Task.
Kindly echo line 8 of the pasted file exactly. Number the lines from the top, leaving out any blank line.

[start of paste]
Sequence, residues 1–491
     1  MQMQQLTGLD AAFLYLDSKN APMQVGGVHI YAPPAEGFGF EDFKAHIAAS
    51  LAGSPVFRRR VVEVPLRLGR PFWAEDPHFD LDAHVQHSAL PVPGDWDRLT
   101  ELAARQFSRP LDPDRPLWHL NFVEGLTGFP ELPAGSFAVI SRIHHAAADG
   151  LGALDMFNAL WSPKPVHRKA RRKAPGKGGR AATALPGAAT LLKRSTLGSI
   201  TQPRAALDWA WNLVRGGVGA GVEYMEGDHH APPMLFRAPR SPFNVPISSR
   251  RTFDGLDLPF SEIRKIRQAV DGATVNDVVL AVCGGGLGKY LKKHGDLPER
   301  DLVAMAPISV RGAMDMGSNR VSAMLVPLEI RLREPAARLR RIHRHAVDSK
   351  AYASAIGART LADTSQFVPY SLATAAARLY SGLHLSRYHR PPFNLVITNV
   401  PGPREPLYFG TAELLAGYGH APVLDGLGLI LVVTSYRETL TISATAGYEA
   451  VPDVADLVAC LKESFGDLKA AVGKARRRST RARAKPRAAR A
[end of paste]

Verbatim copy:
   301  DLVAMAPISV RGAMDMGSNR VSAMLVPLEI RLREPAARLR RIHRHAVDSK